Shumsk New Jewish Cemetery

Cemetery Information

Country
Ukraine
Region
Ternopyl
District
Shums'k
Settlement
Shums'k
Site address
The cemetery is located on the crossroads of Lesi Ukrainky and Dobrovins’koho Streets.
GPS coordinates
50.11916, 26.12281
Perimeter length
346 metres. An overbuilt part of the cemetery eastwards of preserved territory is not included in this perimeter.
Is the cemetery demolished
yes
Type and height of existing fence
The cemetery is surrounded by a concrete fence of one-metre height.
Preservation condition
Fenced and protected Jewish cemetery
General site condition
The cemetery is slightly overgrown. It requires clearing. The fence is in excellent condition. The ruins of the unknown structures are located adjacent to the cemetery site.
Number of existing gravestones
300
Date of oldest tombstone
1856
Date of newest tombstone
1937
Urgency of erecting a fence
Fence is not needed
Land ownership
Property of local community
Preserved construction on site
Probably, there was a beit-tahara on the site of the ruins adjacent to the cemetery
Drone surveys
Yes

Historical overview

The exact period of the New cemetery’s establishment is unknown. Presumably, it was established in early or mid-19th century. According to epighraphic data, the cemetery already existed in 1865. It appears on Russian maps of the 1880s. The preserved territory seems to be smaller than it is shown on the maps of 1880s and 1930.s Most probably, a large part of the cemetery to the east from the preserved plot was demolished and overbuilt.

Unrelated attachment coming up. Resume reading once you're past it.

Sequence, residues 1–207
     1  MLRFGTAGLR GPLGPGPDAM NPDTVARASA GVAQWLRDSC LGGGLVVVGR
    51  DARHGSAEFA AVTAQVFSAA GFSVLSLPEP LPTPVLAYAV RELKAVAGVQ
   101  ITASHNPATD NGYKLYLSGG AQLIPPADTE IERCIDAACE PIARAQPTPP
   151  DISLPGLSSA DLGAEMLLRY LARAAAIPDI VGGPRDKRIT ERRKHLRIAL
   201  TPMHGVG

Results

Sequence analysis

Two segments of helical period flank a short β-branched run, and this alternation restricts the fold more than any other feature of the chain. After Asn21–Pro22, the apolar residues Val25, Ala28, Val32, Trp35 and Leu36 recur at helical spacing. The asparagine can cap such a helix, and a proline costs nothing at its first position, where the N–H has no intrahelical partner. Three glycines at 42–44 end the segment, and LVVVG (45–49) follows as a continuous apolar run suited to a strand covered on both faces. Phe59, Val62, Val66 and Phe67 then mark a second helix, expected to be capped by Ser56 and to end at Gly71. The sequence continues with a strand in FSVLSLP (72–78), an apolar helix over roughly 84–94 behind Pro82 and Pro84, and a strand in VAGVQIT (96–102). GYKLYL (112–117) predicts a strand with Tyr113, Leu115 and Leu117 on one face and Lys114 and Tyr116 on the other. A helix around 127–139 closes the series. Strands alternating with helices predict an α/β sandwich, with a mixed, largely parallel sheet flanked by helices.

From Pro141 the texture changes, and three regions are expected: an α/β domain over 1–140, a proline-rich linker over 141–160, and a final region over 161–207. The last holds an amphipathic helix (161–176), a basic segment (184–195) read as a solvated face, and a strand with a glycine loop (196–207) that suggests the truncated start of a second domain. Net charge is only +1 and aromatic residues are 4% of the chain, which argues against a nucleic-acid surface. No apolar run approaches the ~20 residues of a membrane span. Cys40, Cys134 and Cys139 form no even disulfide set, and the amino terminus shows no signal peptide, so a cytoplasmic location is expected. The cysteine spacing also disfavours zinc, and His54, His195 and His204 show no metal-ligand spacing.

The first Jews settled in Shums’k in the first half of the 18th century. In 1745, local Jews built a beit-midrash, bath, and stores for lease. The Great Synagogue of Shums’k was constructed in 1781. The Jews of Shumsk were mostly engaged in the grain trade and tailoring. In 1897, the Jewish population stood at 1,962 (86,8% of the total population). Five synagogues existed in the town at the end of the 19th century. The majority of the local Jews were the followers of the Olyka and Trisk Hasidism. The Hebrew school of the Beitar network was opened after the Revolution of 1917. The number of Jewish residents of Shumsk declined to 1,717 (73,2% of the total population) by 1921. The Zionist organizations such as “Ha-Halutz”, “Beitar” and “Revisionitim” were active in the interwar period. On July 10, 1941, the Wehrmacht troops occupied the town, and Ukrainians started a pogrom. In March 1942, a ghetto was established. On August 18, 1942, 1,792 Jews were executed. In September 1942, the last Jews in the ghetto were murdered. Only 15 Jews of Shumsk survived the war.

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